Metropolitan growth during this century’s first decade seemed poised for a continued upward trajectory. The booming 1990s heralded the greatest growth the nation’s large metropolitan areas had seen since the 1960s. During the 1970s, deindustrialization and something of a rural renaissance sharply reduced metropolitan growth, especially in the industrial Midwest. A small-but-mixed metropolitan growth revival occurred during the 1980s. But it was in the 1990s, when the nation’s population growth swelled with active immigration and the rise of the millennials, that metropolitan growth showed a rebound, especially in new parts of the Sun Belt and in areas with diversifying economies. This revival was echoed in suburbs and large cities, where some urban centers showed gains after decades of population loss. Thus, the groundwork was laid for continued and pervasive metropolitan growth in the 2000s.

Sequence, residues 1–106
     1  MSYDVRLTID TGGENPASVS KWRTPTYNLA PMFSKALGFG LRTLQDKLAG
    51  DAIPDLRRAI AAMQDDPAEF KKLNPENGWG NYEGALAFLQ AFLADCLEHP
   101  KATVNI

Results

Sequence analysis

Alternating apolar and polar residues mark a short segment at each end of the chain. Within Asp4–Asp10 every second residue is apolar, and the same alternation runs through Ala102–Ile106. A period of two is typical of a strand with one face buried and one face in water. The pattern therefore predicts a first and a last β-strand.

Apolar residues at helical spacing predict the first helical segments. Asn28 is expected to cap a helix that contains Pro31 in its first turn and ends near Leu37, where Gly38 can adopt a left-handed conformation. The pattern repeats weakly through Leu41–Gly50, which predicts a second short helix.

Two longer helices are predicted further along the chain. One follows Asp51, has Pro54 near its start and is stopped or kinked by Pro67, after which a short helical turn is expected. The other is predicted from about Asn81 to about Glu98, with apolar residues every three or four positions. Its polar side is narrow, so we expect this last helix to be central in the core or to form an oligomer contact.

Emphasis added. The millennial migration in particular skipped over the troubled threesome. This part of America is truly the last of the urban frontier. (Sorry, Detroit.) A few waves of migration have failed to reach this lonely corner of the earth, another cul de sac of globalization.
Youngstown, Pittsburgh, and Buffalo are stuck in time, place. They comprise the cradle of Rust Belt Chic. The troubled threesome represent what millennials most want out of an urban experience. (Sorry, Portland.) What you can find in the Triangle of Demographic Doom, you can't find anywhere else.